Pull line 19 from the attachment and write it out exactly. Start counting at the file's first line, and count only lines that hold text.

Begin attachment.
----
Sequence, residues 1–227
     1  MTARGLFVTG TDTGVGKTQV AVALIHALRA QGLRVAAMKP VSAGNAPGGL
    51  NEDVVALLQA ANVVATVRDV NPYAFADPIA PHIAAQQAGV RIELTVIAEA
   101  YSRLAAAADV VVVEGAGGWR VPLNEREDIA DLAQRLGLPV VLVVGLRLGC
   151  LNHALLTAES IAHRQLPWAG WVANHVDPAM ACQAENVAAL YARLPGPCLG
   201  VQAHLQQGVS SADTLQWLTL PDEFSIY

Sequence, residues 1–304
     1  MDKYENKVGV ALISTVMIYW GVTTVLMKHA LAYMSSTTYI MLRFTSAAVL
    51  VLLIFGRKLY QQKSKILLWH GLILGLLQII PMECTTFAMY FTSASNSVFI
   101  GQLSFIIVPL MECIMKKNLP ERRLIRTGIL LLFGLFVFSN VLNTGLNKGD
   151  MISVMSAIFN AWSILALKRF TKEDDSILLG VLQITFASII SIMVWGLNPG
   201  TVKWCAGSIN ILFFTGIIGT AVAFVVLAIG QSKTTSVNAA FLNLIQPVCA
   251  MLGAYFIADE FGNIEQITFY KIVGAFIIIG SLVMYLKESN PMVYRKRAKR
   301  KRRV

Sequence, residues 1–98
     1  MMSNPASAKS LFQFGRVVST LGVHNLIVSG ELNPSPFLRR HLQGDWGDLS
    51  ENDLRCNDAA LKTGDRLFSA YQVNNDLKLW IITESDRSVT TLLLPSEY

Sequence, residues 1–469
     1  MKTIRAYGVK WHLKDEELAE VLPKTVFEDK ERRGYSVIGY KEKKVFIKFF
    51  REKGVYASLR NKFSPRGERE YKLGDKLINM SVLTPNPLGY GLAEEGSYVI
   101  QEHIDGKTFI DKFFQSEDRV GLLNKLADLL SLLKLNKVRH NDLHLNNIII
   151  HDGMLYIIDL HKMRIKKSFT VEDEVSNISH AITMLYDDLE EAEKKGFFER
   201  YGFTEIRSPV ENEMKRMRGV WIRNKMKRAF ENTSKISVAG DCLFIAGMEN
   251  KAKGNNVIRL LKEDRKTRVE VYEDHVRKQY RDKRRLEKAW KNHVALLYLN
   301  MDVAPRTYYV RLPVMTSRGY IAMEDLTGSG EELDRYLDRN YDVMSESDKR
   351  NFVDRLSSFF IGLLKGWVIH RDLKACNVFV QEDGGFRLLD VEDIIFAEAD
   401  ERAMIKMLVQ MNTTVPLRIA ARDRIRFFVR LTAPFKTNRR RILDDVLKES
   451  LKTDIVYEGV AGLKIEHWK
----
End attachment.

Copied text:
     1  MKTIRAYGVK WHLKDEELAE VLPKTVFEDK ERRGYSVIGY KEKKVFIKFF